Mr. and Mrs. Talking Machine: The Euphonia, the Phonograph, and the Gendering of Nineteenth Century Mechanical Speech
In the early 1870s a talking machine, contrived by the aptly-named Joseph Faber appeared before audiences in the United States. Dubbed the “euphonia” by its inventor, it did not merely record the spoken word and then reproduce it, but actually synthesized speech mechanically. It featured a fantastically complex pneumatic system in which air was pushed by a bellows through a replica of the human speech apparatus, which included a mouth cavity, tongue, palate, jaw and cheeks. To control the machine’s articulation, all of these components were hooked up to a keyboard with seventeen keys— sixteen for various phonemes and one to control the Euphonia’s artificial glottis. Interestingly, the machine’s handler had taken one more step in readying it for the stage, affixing to its front a mannequin. Its audiences in the 1870s found themselves in front of a machine disguised to look like a white European woman.
By the end of the decade, however, audiences in the United States and beyond crowded into auditoriums, churches and clubhouses to hear another kind of “talking machine” altogether. In late 1877 Thomas Edison announced his invention of the phonograph, a device capable of capturing the spoken words of subjects and then reproducing them at a later time. The next year the Edison Speaking Phonograph Company sent dozens of exhibitors out from their headquarters in New York to edify and amuse audiences with the new invention. Like Faber before them, the company and its exhibitors anthropomorphized their talking machines, and, while never giving their phonographs hair, clothing or faces, they did forge a remarkably concrete and unanimous understanding of “who” the phonograph was. It was “Mr. Phonograph.”
Why had the Euphonia become female and the phonograph male? In this post, I peel apart some of the entanglements of gender and speech that operated in the Faber Euphonia and the phonograph, paying particular attention to the technological and material circumstances of those entanglements. What I argue is that the materiality of these technologies must itself be taken into account in deciphering the gendered logics brought to bear on the problem of mechanical speech. Put another way, when Faber and Edison mechanically configured their talking machines, they also engineered their uses and their apparent relationships with users. By prescribing the types of relationships the machine would enact with users, they constructed its “ideal” gender in ways that also drew on and reinforced existing assumptions about race and class.
Of course, users could and did adapt talking machines to their own ends. They tinkered with its construction or simply disregarded manufacturers’ prescriptions. The physical design of talking machines as well as the weight of social-sanction threw up non-negligible obstacles to subversive tinkerers and imaginers.
Born in Freiburg, Germany around 1800, Joseph Faber worked as an astronomer at the Vienna Observatory until an infection damaged his eyesight. Forced to find other work, he settled on the unlikely occupation of “tinkerer” and sometime in the 1820s began his quest for perfected mechanical speech. The work was long and arduous, but by no later than 1843 Faber was exhibiting his talking machine on the continent. In 1844 he left Europe to exhibit it in the United States, but in 1846 headed back across the Atlantic for a run at London’s Egyptian Hall.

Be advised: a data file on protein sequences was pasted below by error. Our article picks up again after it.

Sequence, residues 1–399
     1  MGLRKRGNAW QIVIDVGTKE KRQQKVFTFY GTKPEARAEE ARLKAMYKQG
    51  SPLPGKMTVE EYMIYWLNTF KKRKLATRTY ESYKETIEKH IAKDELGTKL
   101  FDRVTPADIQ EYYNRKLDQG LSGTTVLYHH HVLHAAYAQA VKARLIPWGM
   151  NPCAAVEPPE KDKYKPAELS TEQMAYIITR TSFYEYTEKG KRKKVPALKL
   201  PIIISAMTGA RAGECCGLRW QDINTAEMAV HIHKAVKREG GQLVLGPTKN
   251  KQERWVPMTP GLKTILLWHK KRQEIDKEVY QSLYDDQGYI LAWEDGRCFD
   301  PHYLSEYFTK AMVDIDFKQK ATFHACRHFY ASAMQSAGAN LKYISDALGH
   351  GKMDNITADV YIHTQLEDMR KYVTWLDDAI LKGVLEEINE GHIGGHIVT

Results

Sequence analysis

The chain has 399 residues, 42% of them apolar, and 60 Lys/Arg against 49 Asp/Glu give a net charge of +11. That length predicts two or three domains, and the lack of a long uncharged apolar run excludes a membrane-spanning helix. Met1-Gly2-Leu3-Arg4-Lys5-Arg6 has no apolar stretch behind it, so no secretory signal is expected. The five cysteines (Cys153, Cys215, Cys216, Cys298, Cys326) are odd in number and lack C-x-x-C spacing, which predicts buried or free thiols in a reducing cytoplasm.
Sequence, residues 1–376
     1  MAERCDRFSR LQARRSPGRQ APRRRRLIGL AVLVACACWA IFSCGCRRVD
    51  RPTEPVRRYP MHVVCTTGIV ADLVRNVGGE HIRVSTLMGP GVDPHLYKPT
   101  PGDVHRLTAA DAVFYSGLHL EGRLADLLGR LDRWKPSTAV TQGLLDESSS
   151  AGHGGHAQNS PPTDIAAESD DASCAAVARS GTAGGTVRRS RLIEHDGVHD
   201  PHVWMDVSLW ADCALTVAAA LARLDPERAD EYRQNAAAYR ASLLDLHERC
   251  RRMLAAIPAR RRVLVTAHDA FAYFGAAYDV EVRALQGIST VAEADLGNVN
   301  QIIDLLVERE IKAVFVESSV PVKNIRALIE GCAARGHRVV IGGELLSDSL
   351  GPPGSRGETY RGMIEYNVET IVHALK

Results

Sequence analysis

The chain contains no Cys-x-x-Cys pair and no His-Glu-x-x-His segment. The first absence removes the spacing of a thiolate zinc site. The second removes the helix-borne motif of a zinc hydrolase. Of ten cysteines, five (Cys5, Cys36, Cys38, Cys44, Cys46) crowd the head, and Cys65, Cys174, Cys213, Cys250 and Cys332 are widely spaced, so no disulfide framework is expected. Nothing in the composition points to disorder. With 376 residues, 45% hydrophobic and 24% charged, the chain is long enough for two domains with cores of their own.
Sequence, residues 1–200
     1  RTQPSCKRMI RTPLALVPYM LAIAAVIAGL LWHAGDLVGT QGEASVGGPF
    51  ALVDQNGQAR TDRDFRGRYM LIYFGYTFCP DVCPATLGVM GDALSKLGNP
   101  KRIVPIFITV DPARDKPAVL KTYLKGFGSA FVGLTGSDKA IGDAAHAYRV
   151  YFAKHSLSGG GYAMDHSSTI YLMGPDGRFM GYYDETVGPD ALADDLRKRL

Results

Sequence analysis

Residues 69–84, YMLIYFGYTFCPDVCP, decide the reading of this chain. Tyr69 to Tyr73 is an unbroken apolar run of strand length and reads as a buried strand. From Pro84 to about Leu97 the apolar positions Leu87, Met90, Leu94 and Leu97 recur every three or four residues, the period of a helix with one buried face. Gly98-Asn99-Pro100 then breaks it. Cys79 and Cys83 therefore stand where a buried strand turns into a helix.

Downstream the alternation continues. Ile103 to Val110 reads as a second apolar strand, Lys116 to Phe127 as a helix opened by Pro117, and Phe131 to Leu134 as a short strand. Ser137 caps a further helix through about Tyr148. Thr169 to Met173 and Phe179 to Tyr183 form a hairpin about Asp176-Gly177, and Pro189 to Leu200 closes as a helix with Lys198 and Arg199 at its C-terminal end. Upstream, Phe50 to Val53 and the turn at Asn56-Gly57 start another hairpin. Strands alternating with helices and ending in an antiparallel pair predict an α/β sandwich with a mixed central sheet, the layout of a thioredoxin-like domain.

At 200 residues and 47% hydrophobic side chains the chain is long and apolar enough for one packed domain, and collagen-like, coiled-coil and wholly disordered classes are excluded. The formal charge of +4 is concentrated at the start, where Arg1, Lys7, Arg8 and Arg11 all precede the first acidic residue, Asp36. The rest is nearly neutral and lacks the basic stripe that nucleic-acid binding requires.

That Faber conceived of his invention in gendered terms from the outset is reflected in his name for it—“Euphonia”—a designation meaning “pleasant sounding” and whose Latin suffix conspicuously signals a female identity. Interestingly, however, the inventor had not originally designed the machine to look like a woman but, rather, as an exoticized male “Turk.”
A writer for Chambers Edinburgh Journal characterized the mannequin’s original appearance in September of 1846:
The half figure of a man, the size known to artists as kit kat, dressed in Turkish costume, is seen resting, upon the side of a table, surrounded by crimson drapery, with its arms crossed upon its bosom. The body of the figure is dressed in blue merino, its head is surmounted by a Turkish cap, and the lower part of the face is covered with a dense flowing beard, which hangs down so as to conceal some portion of the mechanism contained in the throat.
What to make of Faber’s decision to present his machine as a “Turk?” One answer, though an unsatisfying one is “convention.” One of the most famous automata in history had been the chess-playing Turk constructed by Wolfgang von Kempelen in the eighteenth century. A close student of von Kempelen’s work on talking machines, Faber would almost certainly have been aware of the precedent. In presenting their machines as “Turks,” however, both Faber and Von Kempelen likely sought to harness particular racialized tropes to generate public interest in their machines. Mystery. Magic. Exoticism. Europeans had long attributed these qualities to the lands and peoples of the Near East and it so happened that these racist representations were also highly appealing qualities in a staged spectacle—particularly ones that purported to push the boundaries of science and engineering.
Mysteriousness, however, constituted only one part of a much larger complex of racialized ideas. As Edward Said famously argued in Orientalism Westerners have generally mobilized representations of “the East” in the service of a very specific political-cultural project of self- and other-definition—one in which the exoticized orient invariably absorbs the undesirable second half of a litany of binaries: civilization/barbarism, modernity/backwardness, humanitarianism/cruelty, rationality/irrationality. Salient for present purposes, however is the west’s self-understanding as masculine, in contradistinction to—in Said’s words—the East’s “feminine penetrability, its supine malleability.”